"Ok, this one is definitely a winner! It's a pork and bean delicacy, fitted with a bacon glaze and on the side, apples and banana pudding!"

She rolled her eyes at her houseguest. She could barely make out his saucer blue eyes from behind the fog.

"You do realize that we don't actually need human food, right?"

He followed her up the staircase, his chipper mood cracked, if only for a moment. "Yes, Care, I know, but still! I've always wanted to be a gourmet chef and you said I don't have to give up my dreams even if I'm dead! And I thought, hey, if you've got an eternity on your hands, what better way to spend your time than making the perfect casserole! And besides, that bunny blood leaves a weird after-taste in my mouth."


Ms. Weimar shuffled out from her room on the second floor, suspiciously eyeing the pair as they quickly rounded up the next set of stairs. Her hair curlers shivered with every step she took, her walker thudding as she went. Caroline never knew if it was from old age or the fact that she highly mistrusted new comers, but Ms. Weimar's lip seemed to be in a constant scowl.

"Good evening, Ms. Weimar." Caroline said.

The old lady grumbled something unintelligible but from her shifting eyes, it probably wasn't something very nice.

"Casserole?" Carlson asked, holding the spoon out for her.

Ms. Weimar let out something between a scoff and a cough before turning away, shuffling off towards the ice machine.

"Guess someone got up on the wrong side of the coffin today," Carlson muttered as they continued their climb back to the apartment. Caroline gave him a look.

"Yeah, I know, I know, irony. But I feel like that's a bit prejudice to assume that all vampires sleep in a coffin, because we certainly don't." Caroline unlocked the door and flipped on a light. Simba, a two-year-old tabby they found on the street, appeared from no where and glided in between Caroline's legs, purring happily. The lights shown down on a modest setting: a faux-leather couch with stuffing leaking from near the feet, a TV still with antenna, a kitchen with enough room for one person to open the three-foot fridge and breathe, a bathroom that was the size of a coat-room, and a make-shift "two-room" bedroom that she and Carlson shared. A bookshelf stood idly by in the living room. Caroline had taken some of her favorite novels when she moved out but now it mostly consisted of Carlson's assorted cookbooks. Simba leaped up onto the kitchen counter and began to claw up this morning's newspaper.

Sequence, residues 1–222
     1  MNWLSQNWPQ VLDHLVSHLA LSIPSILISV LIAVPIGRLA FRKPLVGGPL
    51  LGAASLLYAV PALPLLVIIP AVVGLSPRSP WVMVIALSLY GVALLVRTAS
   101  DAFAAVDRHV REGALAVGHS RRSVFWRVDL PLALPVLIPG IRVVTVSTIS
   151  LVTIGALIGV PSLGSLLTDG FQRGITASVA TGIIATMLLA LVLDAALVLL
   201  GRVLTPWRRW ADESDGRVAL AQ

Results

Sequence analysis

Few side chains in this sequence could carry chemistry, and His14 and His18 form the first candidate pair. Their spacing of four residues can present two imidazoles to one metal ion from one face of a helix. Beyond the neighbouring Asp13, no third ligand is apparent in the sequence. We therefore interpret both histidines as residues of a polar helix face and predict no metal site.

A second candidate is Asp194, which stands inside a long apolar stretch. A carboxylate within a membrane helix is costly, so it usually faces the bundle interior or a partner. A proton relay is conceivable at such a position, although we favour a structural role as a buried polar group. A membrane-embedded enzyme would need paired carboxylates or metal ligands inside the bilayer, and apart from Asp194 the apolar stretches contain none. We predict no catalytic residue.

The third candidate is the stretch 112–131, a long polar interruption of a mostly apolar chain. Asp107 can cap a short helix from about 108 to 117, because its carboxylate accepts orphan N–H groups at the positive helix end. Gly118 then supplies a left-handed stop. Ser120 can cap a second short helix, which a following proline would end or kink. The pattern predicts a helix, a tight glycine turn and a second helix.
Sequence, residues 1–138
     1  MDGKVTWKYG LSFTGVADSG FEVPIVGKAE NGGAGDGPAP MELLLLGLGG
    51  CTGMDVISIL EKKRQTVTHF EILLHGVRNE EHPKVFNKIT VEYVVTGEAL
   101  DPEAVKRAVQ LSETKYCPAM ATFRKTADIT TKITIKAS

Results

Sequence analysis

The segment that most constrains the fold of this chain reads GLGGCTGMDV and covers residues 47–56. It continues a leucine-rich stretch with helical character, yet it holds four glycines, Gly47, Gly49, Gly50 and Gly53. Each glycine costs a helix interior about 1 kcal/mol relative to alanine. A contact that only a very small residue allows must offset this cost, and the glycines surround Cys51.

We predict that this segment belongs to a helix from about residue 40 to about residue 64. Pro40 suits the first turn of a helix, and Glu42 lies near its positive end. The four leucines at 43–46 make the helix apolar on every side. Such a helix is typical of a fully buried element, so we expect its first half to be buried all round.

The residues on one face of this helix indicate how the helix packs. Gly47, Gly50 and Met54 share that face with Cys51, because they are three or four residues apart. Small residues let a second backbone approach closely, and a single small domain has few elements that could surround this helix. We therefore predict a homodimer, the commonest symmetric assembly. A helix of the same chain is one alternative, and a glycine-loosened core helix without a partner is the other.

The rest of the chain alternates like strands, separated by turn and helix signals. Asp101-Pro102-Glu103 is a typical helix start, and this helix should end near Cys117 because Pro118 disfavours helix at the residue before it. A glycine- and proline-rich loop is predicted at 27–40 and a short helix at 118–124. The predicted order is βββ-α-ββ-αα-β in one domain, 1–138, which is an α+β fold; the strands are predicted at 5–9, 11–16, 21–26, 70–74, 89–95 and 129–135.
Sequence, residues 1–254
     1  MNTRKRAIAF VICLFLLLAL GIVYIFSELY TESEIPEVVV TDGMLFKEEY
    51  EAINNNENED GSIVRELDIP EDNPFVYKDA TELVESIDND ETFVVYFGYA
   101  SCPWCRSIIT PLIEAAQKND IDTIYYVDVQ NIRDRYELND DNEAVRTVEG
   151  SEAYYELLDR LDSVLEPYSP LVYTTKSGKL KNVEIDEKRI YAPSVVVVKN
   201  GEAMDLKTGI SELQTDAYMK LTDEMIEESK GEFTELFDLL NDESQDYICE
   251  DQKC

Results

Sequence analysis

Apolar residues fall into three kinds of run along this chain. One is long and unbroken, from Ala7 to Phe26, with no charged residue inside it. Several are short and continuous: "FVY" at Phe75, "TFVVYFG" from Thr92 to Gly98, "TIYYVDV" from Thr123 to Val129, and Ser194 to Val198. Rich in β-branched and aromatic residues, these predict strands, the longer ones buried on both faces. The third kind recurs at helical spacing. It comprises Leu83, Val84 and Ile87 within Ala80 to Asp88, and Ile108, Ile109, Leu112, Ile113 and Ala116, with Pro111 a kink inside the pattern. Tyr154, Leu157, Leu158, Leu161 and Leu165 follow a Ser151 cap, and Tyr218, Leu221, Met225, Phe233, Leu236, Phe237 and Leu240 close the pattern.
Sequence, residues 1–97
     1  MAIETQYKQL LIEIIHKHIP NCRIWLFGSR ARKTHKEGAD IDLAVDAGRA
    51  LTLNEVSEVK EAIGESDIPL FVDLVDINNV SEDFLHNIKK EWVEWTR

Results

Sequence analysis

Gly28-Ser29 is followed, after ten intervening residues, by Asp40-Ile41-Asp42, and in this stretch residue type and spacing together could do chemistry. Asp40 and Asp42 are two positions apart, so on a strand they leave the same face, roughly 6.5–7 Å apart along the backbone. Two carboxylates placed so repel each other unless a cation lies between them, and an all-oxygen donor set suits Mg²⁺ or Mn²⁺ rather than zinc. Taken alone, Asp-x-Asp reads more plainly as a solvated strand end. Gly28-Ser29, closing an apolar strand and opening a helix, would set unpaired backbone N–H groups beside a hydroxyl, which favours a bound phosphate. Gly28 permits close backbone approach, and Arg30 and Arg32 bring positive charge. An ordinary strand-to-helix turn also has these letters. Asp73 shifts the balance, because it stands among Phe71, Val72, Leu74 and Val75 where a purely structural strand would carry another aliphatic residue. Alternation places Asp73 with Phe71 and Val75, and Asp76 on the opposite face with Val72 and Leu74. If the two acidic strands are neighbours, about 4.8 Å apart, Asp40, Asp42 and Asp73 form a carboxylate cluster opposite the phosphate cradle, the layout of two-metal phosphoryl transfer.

"Besides real leather chaffs my skin," Carlson added as an after-thought. He pushed the casserole onto the counter and gave Simba a stern look, as if to say, "don't touch it." The cat seemed to agree but only because he didn't want the casserole in the first place. Carlson turned back to Caroline who was replacing her weapon stash behind the bookshelf.

"You really should eat something, Care. You look tired."